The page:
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04/18/06 6:14 PM ET

Repko happy to contribute in any way

Outfielder chats online about playing in the big leagues

Outfielder Jason Repko spent time fielding fans' questions during an online chat Tuesday. Repko, 25, is in his second season with the Dodgers. He talked about making it to the big leagues after being drafted by L.A. in 1999 and contributing off the bench.

Jason Repko: Hey guys. I appreciate you giving me the opportunity to answer some questions from fans out there. Let's get started.

zerbs63: What specifically do you look at, from the pitcher, to know when to steal?

Repko: Through my years with the Dodgers, Maury Wills has taught me to look at various keys. You'll look at the front shoulder, the bent knee or the posture of the body in general. It's a lot of different keys to go off of.

Diana_Reyes: How did you feel when you first set foot at Dodger Stadium?

Repko: It was an amazing feeling to make it to the big leagues with the team that drafted me in 1999. Also, stepping foot into Dodger Stadium where so many great ballplayers have played throughout their career has also been a great honor.

14hodges: Who were your favorite baseball players growing up? Is there another player, past or present, to whom you would like to be compared?

Repko: Growing up, I loved Ken Griffey Jr. and Frank Thomas. I really don't know who I'd like to be compared to. I'd just like to be able to make an impact on the game in helping the team win and eventually winning a World Series.

Lori_Woodyard: What are your hobbies away from the game?

Repko: Away from the game, I love the outdoors. I like listening to music and playing music with my guitar. I love spending time with my family and my fiance, Traci. Basically, anything that is relaxing.

dodgerinaz: What is the hardest part about pinch-hitting?

Repko: The hardest part about pinch-hitting is coming in pretty much dry -- without being in the game and warmed up. You've got to mentally prepare yourself as if you'd been playing the game and get your body ready before the at-bat. There's a lot of focus that has to be brought into a pinch-hit at-bat, so that's the hardest part.

supermcaz: What did you have to give those fans in Arizona to get back your first home run ball?

Repko: When I got my first home run ball, I basically just signed a different ball for the couple and talked to them for a little bit and shared my experience of hitting my first home run. They were pretty happy with that.

izturisgirl: What's your favorite food?

Repko: That's a tough one because I love all kinds of food, but I'm going to throw this out there -- I love cereal. I eat a bowl of cereal before I go to bed every night. A lot of times it's Life or Lucky Charms.

parricou000: What advice would you give kids who would like to play baseball when they get older?

Repko: Just always believe in yourself. Work hard and don't ever give up. It's also important to have a lot of confidence. I know from my experience, there were so many times when I almost quit, but I just believed in myself and that helped me get through it all.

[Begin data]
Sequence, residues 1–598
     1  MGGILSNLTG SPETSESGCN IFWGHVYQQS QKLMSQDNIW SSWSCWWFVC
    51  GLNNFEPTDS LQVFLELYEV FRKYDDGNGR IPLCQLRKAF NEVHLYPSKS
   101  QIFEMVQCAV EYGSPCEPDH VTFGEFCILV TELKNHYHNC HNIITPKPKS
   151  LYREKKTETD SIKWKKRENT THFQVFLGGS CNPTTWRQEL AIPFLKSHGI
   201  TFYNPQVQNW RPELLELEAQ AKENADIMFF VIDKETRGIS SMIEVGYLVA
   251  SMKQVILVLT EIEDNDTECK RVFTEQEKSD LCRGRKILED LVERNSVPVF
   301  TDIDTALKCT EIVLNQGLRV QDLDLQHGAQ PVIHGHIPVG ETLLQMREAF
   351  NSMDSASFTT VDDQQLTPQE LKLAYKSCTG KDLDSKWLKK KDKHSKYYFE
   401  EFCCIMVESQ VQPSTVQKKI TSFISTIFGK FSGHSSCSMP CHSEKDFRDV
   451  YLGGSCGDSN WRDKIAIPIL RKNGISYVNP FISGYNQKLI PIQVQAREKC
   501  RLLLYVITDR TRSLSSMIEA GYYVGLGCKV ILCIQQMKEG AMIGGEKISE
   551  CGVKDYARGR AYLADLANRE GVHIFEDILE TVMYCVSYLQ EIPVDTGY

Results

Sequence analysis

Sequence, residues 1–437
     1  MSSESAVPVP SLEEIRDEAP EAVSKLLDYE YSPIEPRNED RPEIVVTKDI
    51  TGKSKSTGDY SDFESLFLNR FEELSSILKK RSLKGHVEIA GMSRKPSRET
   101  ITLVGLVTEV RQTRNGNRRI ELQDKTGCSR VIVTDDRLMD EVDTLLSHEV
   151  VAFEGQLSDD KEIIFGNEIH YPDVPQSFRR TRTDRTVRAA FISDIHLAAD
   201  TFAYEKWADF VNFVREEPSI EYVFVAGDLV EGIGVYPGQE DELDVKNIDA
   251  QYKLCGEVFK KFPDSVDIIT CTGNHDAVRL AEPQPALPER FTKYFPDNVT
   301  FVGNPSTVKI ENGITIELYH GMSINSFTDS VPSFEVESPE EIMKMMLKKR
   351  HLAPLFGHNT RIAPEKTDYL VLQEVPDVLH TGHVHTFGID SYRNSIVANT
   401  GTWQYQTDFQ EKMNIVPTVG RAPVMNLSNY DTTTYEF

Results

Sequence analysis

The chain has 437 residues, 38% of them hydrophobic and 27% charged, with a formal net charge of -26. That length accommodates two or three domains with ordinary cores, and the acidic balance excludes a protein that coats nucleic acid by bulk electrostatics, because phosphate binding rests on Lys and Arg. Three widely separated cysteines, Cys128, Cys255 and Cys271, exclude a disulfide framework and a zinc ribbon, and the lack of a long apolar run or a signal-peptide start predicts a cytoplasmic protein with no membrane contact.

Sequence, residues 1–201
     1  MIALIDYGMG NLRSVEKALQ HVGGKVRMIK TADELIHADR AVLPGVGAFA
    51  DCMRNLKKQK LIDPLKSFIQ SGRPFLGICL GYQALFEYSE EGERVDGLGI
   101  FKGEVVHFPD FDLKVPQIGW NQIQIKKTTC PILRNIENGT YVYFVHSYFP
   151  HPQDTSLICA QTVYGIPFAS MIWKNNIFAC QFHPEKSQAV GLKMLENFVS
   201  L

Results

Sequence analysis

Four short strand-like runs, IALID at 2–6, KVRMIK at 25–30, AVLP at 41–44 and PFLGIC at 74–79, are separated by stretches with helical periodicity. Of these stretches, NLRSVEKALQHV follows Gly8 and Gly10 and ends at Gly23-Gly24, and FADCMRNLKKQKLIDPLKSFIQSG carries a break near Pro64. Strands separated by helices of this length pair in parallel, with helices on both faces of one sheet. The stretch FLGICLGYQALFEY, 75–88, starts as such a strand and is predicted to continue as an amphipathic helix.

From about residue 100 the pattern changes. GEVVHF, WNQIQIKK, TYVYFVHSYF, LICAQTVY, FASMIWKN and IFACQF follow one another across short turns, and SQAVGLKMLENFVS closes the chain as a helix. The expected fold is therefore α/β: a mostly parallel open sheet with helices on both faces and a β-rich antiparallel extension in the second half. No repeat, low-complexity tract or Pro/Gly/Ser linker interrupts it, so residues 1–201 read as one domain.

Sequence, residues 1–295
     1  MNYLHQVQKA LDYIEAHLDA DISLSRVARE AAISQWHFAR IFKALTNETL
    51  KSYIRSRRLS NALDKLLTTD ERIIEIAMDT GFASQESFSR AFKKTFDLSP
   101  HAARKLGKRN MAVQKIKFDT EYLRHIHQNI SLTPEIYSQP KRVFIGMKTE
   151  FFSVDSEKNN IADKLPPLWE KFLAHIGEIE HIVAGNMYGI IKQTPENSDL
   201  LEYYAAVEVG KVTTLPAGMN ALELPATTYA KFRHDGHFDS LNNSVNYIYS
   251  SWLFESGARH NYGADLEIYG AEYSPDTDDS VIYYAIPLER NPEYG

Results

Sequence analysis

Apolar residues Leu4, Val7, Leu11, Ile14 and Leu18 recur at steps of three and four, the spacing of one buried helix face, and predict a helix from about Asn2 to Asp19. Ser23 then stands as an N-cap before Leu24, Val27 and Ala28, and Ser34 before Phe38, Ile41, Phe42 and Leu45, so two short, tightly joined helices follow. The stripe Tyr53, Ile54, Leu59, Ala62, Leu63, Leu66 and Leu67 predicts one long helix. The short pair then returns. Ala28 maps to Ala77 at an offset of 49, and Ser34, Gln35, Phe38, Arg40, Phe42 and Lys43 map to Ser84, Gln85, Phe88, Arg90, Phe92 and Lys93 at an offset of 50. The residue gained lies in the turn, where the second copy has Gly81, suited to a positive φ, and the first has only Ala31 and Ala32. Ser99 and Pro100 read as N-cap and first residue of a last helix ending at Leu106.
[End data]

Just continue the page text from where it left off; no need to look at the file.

Base_Ball: How do you think your level of play differs this year from last year?

Repko: I think I am a lot more comfortable at the Major League level. I think my experiences from last year have given me the chance to be that much better this year. Just learning what I need to adjust from at-bat to at-bat if I have to. Those are the necessary adjustments to play at the Major League level.

Lori_Woodyard: Will you be bowling again with Eric Gagne in the Extravaganza?

Repko: Yes, I will be there for Gagne's event on May 8.

14hodges: In the pictures that I see of you, you seem to have a pretty aggressive goatee. Is there a story behind it, or do you just like the style?

Repko: I pretty much don't like my chin! Besides that, I had it last year, and I feel like if I shave it, people might question it as well. So, I stick with it. And I do like the look.

dodgerinaz: Who is the toughest pitcher you have faced?

Repko: There have been a lot of tough pitchers. Last year the toughest was Jake Peavy. He's got really good stuff -- a fastball that gets on you. But last night, Greg Maddux just blew me away with how hard his ball sinks.

hipguy: How has the prospect of making millions of dollars changed you and your life?

Repko: It really hasn't changed me at all, as a person. It's just given me an opportunity to help others around me. It's been very enjoyable to earn that money and help people that need it.

14hodges: Do you have a particular teammate or two with whom you are close? Do any of you hang out together outside of the ballpark?

Repko: Cody Ross and I were really close and lived together in Spring Training. I'm sure we'll stay in touch when he's with his new team. Also J.D. Drew and Brett Tomko.

dodgerinaz: Would you rather hit a homer or rob a homer in center field to win a game?

Repko: I'd rather rob a home run. I think at any point, you can hit a home run, but the opportunity to rob a home run is so less likely, it would be pretty amazing to do that to win the game.